Saturday, September 13, 2008

Simple Pleasures

I like washing dishes and consider it equal to a good therapy session. Few women understand my enjoyment of what some consider to be the “dreaded domestic chore,” but that’s okay. I can’t help the way I am. I come from a long line of women who enjoyed it. My mother and both grandmothers all taught me the therapeutic value and simple joy of washing dishes by hand.

Mom even thought that whatever ailed her could be cured at the kitchen sink. A homebody, she hated going to town and would always get a “town headache” (as she called them) if she had to run errands away from the farm. Upon her arrival back home, she said she would feel better if she could just get her hands in some hot soapy water and wash some dishes. It always seemed to work. Some of my earliest memories of mom are those times I stood by her side, barely able to see over the sink, helping her wash dishes. There seemed to be something peaceful about the sloshing about of the water, the pleasant aroma of the dish washing liquid, and the clinking of silverware, plates, and glasses together that provided a sense of security to me as a small child.

Grandma Mitchell was passionate about her dish washing, enjoying it so much that she rarely allowed anyone to help her, which was probably a good thing since her dish water was so hot that the average person couldn’t even touch it. Apparently, Grandma's hands were immune to the steaming hot water. I once remarked that the water was too hot, to which she replied, “Ahh! Good heavens! You have to have your water hot enough or you won’t get the dishes clean!” I can assure you her dishes were sterilized. I treasured those times I stood by her side drying dishes, almost too hot to handle, and listening to her recount stories of her childhood days. She told me that having dirty dishes meant you had a lot to be thankful for, because it meant you had plenty of food to eat.

Grandma Leasure was known for giving young brides a bit of advice regarding dish washing. She would say, “Always do up all your dishes at night so you can start the day with a fresh and clean kitchen.” She told me that there was a great sense of accomplishment in washing dishes and seeing your kitchen neat and clean. I recall her giving me that advice when I was too young to fully understand what it meant. After I became a young wife and homemaker, I found her advice to be true! There is nothing like starting out each day with a fresh and tidy kitchen, and there really is a sense of accomplishment in seeing clean dishes stacked on the dish rack.

My friend, Darlene, who is from that same generation of older women, refuses to use the dishwasher in her new house. She grew up in a home with no running water. They had to carry water from outside and heat it on the old cook stove in order to wash dishes. When she got married, she had inside plumbing for the first time in her life and was surprised at how easy it was to wash dishes with running water inside. To this day she loves to wash dishes, considers it fun, and refuses to use her dishwasher.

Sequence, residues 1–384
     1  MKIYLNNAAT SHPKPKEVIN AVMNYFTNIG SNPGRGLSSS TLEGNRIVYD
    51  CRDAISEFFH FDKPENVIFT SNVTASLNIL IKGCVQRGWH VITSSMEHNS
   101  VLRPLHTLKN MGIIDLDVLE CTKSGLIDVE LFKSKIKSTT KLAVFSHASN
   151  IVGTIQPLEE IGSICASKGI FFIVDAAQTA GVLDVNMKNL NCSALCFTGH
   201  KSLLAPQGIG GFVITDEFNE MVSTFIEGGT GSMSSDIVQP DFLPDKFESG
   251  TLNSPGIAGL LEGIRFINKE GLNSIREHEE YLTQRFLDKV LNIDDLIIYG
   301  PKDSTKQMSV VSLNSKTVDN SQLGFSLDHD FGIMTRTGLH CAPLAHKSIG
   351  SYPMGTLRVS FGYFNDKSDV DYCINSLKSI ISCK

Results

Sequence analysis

I have fond memories of washing dishes with my mom, grandmothers, aunts, and cousins after family meals. The time spent cleaning up was a time when the women could connect with one another. Many jokes were shared and memories were made around the kitchen sink. Holiday meals created massive amounts of dirty dishes, which gave us several hours to catch up with one another. It was usually “women only” in our kitchen. The men often would head off to the living room to watch TV or fall asleep. We never thought that was odd; it was just the way it was. Nobody complained about the men not having to help. It was accepted that clean up and washing dishes was mostly “woman’s work.” We embraced our role and looked forward to our time together. There was a bonding that took place around a pan of hot, soapy water. I remember how special I felt when I was old enough to join the women in the kitchen. It seemed to be a rite of passage into womanhood for us younger girls. Great bursts of laughter and cackling was always heard coming from the kitchen. I was delighted when I finally got to join in with the fun.

Contentment is often found in the simplest things. I wonder if joy in the simple tasks of daily living is what’s missing among women today. Hundreds of dollars are spent on antidepressant drugs, and therapists often charge over a hundred dollars for an hour-long therapy session. The strange thing is that most women are still depressed even while taking drugs and going to therapy, always needing more and more drugs and therapy. I wonder if women would once again embrace the simple pleasures of domestic life if there would be less depression and discontentment in the world today.

There truly is something therapeutic about having your hands in hot, soapy water. As the dishes soak, I feel my cares being lifted away. Washing dishes allows me to pause from the busyness of the day. It is a time I can think and reflect upon life as I gaze out the window. It’s not uncommon to see deer walk through the backyard, see the squirrels chase each other up and down trees, or see a flock of wild turkeys or Canadian geese passing through; things I would miss if I wasn’t standing at the kitchen window washing dishes.

I am thankful for the blessing of dirty dishes and for the blessing of a long line of women who taught me the value of contentment in the simple things of life. My mom and grandmothers have since passed on, but they left behind a rich legacy of memories. Memories of lessons learned, laughter shared, and priceless time spent together around the kitchen sink.

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